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June 12. 2013 8:53PM

House, Senate will negotiate details of medical marijuana bill

CONCORD — The House and Senate will attempt to reach a compromise on two very different versions of a bill establishing a medical marijuana program for the chronically and terminally ill.

House Bill 573 establishes a medical marijuana program for New Hampshire patients who are both terminally ill and exhibit certain symptoms, and who have had the same physician for more than three months.But the Senate version of the bill does not allow patients to grow their own plants while the House version does.

Under both versions, patients would be able to purchase marijuana from regional dispensaries.

The Senate bowed to Gov. Maggie Hassan's concerns and removed the home grow provisions from the bill.

She also sought and the Senate agreed to eliminate post traumatic stress syndrome from afflictions covered under the program.

New Hampshire would be the 19th state to allow medical marijuana and the last in New England.

Sen. Nancy Stiles, R-Hampton, is the lead Senate negotiator and Rep. James McKay, D-Concord, is the House's lead negotiator.

The first negotiating session is 9 a.m. Tuesday in Room 205 in the Legislative Office Building.

Contracts and passwords

The House and Senate will negotiate two versions of House Bill 414 which would prohibit employers from requesting or requiring employees to turn over passwords to their social media or personal electronic accounts such as email unless they were established through the employer's equipment and accessed using that equipment.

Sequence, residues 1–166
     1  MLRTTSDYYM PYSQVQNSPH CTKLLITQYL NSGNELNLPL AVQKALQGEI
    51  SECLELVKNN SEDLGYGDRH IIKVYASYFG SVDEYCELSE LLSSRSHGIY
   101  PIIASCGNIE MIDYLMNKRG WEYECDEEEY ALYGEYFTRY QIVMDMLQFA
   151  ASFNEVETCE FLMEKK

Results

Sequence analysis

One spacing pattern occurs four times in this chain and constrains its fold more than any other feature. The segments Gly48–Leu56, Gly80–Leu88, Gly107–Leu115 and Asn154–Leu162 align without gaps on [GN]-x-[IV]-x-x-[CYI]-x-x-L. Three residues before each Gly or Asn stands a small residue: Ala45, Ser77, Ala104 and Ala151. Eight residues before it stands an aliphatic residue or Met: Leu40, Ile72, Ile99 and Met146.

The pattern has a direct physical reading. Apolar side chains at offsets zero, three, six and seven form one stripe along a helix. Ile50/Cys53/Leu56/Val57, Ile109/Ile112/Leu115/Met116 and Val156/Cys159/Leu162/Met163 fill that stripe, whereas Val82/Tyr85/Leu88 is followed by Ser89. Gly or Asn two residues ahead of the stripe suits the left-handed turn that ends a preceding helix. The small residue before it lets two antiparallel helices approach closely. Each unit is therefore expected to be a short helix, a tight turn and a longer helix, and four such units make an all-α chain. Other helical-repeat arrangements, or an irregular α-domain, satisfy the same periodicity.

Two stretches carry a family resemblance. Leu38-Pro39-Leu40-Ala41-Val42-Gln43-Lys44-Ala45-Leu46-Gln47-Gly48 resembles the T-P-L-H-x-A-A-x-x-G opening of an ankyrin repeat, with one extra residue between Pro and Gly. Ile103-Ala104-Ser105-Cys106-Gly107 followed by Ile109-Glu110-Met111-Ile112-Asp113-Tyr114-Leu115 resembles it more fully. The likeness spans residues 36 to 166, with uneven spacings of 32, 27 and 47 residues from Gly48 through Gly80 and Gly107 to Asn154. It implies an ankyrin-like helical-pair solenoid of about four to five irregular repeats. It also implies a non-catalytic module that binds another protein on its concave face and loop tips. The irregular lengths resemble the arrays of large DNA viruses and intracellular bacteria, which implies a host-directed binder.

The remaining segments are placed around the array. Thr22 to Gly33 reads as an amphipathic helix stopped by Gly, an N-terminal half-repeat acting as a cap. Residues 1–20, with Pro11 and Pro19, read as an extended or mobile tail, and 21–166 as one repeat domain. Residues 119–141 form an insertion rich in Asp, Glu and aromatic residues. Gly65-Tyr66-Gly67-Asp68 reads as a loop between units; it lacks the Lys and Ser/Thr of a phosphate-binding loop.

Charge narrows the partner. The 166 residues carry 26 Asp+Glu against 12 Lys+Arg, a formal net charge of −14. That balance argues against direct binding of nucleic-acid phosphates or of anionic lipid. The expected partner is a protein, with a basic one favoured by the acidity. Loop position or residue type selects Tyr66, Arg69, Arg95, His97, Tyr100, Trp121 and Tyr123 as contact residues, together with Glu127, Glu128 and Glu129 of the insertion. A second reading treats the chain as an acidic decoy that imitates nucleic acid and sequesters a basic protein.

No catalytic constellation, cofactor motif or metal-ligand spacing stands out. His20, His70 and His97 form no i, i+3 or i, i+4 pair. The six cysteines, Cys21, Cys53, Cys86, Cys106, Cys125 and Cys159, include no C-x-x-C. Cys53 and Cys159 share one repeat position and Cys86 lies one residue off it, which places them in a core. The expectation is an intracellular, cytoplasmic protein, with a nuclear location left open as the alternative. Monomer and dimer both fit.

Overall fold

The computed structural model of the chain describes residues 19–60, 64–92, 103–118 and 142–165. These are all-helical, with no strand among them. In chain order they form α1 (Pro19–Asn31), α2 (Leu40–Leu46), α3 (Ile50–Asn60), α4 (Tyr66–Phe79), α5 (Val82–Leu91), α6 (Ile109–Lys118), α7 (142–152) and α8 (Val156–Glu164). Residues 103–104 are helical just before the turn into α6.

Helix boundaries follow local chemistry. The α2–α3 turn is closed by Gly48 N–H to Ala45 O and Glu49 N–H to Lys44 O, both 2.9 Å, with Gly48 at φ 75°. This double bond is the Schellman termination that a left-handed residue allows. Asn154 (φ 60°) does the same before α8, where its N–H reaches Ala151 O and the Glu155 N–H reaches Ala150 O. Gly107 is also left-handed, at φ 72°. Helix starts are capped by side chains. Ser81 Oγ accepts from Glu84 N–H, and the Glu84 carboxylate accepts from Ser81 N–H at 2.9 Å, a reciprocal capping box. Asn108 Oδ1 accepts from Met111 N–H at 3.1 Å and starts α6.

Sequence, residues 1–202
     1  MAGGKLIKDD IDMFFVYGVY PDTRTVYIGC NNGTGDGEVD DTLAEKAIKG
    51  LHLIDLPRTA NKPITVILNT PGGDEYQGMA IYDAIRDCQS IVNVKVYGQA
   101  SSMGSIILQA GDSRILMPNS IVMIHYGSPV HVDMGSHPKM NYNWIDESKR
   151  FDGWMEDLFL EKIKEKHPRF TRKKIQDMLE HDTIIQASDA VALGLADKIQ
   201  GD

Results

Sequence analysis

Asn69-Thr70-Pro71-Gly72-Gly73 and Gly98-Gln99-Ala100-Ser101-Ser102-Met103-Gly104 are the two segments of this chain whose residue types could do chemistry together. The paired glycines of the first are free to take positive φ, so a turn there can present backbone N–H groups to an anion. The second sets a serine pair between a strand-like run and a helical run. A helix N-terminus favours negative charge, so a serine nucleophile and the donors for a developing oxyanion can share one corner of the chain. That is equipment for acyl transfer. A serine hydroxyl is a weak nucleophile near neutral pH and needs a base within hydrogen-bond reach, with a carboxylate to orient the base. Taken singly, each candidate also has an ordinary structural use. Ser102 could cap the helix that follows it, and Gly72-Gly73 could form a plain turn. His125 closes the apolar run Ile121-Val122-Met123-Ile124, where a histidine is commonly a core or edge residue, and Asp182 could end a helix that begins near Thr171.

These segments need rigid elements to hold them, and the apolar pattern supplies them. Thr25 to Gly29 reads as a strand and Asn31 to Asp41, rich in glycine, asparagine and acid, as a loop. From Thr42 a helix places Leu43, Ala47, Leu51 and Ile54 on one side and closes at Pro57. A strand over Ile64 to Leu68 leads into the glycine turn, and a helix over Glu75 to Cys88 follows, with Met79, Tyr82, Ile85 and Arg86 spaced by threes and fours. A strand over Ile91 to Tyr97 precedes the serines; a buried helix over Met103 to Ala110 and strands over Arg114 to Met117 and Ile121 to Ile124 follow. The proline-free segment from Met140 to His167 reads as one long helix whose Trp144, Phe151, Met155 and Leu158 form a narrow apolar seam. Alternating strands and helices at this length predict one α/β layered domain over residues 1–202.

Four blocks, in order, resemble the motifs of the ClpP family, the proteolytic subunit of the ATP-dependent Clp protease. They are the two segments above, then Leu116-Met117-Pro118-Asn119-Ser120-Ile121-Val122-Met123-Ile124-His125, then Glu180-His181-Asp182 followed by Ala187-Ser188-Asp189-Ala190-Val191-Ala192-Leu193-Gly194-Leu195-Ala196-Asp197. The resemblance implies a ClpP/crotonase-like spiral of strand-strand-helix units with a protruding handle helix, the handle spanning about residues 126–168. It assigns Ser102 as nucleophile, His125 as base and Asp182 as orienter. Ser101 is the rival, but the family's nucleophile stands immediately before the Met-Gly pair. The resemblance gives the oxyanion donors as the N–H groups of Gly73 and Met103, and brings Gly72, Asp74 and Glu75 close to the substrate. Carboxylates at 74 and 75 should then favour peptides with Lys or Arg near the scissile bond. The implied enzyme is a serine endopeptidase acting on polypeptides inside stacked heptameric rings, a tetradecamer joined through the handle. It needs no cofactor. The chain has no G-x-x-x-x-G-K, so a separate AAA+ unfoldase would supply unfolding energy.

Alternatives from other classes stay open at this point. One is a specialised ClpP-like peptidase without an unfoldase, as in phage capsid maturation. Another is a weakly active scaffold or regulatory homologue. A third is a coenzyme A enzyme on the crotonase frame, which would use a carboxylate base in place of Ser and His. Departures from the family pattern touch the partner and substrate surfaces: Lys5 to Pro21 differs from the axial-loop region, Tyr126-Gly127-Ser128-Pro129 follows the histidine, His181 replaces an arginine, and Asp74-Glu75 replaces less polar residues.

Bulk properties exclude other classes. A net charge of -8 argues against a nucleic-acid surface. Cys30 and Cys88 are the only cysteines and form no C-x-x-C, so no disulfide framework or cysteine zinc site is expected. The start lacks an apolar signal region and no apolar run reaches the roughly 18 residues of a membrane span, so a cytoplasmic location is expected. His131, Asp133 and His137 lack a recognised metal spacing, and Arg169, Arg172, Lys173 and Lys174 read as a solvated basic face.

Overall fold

The Senate added the provisions of Senate Bill 158, which requires Joint Legislative Fiscal Committee approval of any cost items in state collective bargaining agreements, to the bill.

The House killed SB 158, whose prime sponsor is Senate President Peter Bragdon, R-Milford.

Bragdon is the chief Senate negotiator and Rep. Andrew White, D-Lebanon, is the chief House negotiator.

Payroll cards and credit

The House and Senate will negotiate over two versions of House Bill 357, which prohibits an employer from using a person's credit history in hiring decisions.

The Senate added the provisions of Senate Bill 100, which allows employers to issue payroll cards instead of paper checks to pay employees, to the bill.

The House killed the measure.

Senate Majority Leader Jeb Bradley, R-Wolfeboro, SB 100's prime sponsor, is the Senate's lead negotiator and White is the House's.

Other bills the House and Senate will negotiate include:

• House Bill 599, which establishes a single liquor commissioner instead of the current three-member commission.

• Senate Bill 19, which would repeal provisions of an earlier law concerning the sale of the former Lakes Region prison facility and would also eliminate one of the three Merrimack ramp tolls on the F.E. Everett Turnpike.

The Senate concurred with House changes and sent to the governor:

• Senate Bill 41, which overhauls the state's business corporation laws.

• Senate Bill 123, which requires some of the proceeds from the sale of carbon allowances under the Regional Greenhouse Gas Initiative program go to low-income and municipal energy efficiency projects.The deadline for reaching agreements on conference committees is noon on Thursday, June 20, for the Senate and 4 p.m. the same day for the House.

grayno@unionleader.com


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